We never forget our first experiences of being hurt by others.
Those experiences become childhood scars etched into our memories, as we are jolted out of innocent sweetness and naiveté into the eye-opening realization that our personalities are unique and we will not jibe with everyone around us.
My first such painful memories were of girls wanting to beat me up because I was the “nice girl.”
At the time, I did not understand why they would want to hurt me, and I never fought back. That made them even more angry. I can remember being baffled and sad at this. Not having a clue of how to respond, I just kept being nice and tried to keep to myself.
That was when I learned how to put up emotional walls to protect myself, an issue I still deal with today.
Now, as a parent, I want to provide a safe place where my children can discuss their feelings. Whether I agree with them or not is not the point. I want to allow them to feel how they are feeling and teach them how to use their negative feelings to move quickly and genuinely to a positive emotion. At work, I coined the phrase “Pause to Pivot to a Positive,” to describe this practice.
Let’s explore a recent scenario that involved my daughter and a friend of hers, and the steps I helped her take in that conflict.
Identify the Issue.
In order to appropriately identify the issue at hand, it is vital to listen to all sides of a conflict, because all parties play a role in any conflict they are involved in.
In the case at hand, I asked the mother what the issue was for her daughter and then checked with my daughter about what the main issue was for her. My daughter, at the tender age of 11, was feeling left out of the girls’ core group.
Teach Them to Listen to Their Feelings.
It has taken me years to fully understand the importance of allowing and listening to all my feelings and emotions, and I strive to teach my children that is okay to feel how they are feeling, because their feelings have something important to tell them.
It is also okay for their friends to feel how they feel. Even if we cannot understand why someone’s feelings were hurt, we have to allow them to feel the way they feel, and we must develop empathy for them. If a child is not understanding why someone else’s feelings are hurt, give an example such as the following: “How do you feel when your sibling picks a fight with you, and you come to me but I tell you, ‘I don’t want to hear about it—just get along’?”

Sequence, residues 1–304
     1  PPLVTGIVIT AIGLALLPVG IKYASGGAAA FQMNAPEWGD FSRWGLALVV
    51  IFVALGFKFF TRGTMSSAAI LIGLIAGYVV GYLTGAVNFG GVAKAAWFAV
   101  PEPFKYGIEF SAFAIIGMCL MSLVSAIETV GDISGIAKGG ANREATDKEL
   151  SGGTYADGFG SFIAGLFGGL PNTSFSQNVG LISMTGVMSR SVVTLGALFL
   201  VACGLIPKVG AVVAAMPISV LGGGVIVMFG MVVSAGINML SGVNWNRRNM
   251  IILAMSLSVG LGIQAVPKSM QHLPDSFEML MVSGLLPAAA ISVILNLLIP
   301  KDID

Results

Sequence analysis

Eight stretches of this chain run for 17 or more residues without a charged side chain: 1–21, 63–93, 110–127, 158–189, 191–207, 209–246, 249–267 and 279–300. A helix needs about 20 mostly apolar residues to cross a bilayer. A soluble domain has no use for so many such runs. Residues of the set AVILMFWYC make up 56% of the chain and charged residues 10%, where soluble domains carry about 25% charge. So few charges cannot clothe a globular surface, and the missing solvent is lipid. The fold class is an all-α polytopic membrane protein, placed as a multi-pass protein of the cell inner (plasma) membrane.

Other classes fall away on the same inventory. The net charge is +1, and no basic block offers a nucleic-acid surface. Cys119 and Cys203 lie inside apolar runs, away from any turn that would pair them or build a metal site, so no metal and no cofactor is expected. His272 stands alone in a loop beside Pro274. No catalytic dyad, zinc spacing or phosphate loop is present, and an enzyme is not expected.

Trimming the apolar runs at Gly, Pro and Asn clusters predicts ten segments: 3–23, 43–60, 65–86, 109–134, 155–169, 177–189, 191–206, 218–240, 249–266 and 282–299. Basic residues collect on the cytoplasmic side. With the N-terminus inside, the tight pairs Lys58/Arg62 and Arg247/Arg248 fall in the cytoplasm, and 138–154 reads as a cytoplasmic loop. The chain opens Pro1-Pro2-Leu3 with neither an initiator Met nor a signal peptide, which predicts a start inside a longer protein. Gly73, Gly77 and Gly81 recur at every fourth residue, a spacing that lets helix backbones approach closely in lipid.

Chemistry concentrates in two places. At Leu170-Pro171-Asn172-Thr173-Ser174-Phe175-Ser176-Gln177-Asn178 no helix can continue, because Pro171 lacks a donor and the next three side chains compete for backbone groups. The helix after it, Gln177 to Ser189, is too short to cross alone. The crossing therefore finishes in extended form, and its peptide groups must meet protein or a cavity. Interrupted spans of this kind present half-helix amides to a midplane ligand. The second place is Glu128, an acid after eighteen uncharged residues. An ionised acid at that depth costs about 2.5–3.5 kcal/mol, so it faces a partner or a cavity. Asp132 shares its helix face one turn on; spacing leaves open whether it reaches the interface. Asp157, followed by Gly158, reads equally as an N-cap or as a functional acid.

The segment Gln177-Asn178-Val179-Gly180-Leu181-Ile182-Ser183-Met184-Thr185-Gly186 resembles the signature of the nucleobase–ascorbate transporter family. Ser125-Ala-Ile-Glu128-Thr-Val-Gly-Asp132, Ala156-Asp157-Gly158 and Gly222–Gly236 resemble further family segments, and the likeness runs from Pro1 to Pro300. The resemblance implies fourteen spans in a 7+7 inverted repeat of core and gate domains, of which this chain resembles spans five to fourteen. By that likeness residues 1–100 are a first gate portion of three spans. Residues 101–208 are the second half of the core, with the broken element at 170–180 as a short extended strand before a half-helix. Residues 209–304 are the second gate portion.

Go on to explain to the child, “You probably wanted me to listen to you and hear you and tell you it is okay how you are feeling, right? (Pause. Listen to the response) I know that many times I do not listen to how you are feeling, and I am sorry for that. I will try to do a better job.” As parents, when we apologize, we lead by example.
As the child shares his or her feelings, just listen. Ask questions but only those that will help you listen more deeply, such as: How do you feel when you are not following your heart? How do you feel when you act in kind ways? How do you feel when you are not nice to others? Which feeling do you prefer?
After I listened to my daughter’s feelings and discussed them with her, I asked if she could put herself in her friend’s shoes and have empathy for how her friend was feeling. She was able to identify a scenario in which a group of her friends were doing a presentation in class and were excluding her friend. She instantly realized this was likely hurtful since up to this point all the girls had done similar presentations together.
Trust Them to Make the Right Choices.
Next, I said, “I trust you to make the right decisions. I know you are kind and will work to settle this in a positive way.”
Encourage One Positive Action Step.
Subsequently, ask, “What is one action step you can take to make amends with your friend?”
In this case, my daughter came up with three ideas: First, she was going to ask the others to allow her to join the presentation. The other girls did not agree, so she decided not to participate.
Second, she apologized to her friend by saying, “I did not mean to hurt your feelings, and I can see how your feelings were hurt. I am sorry.”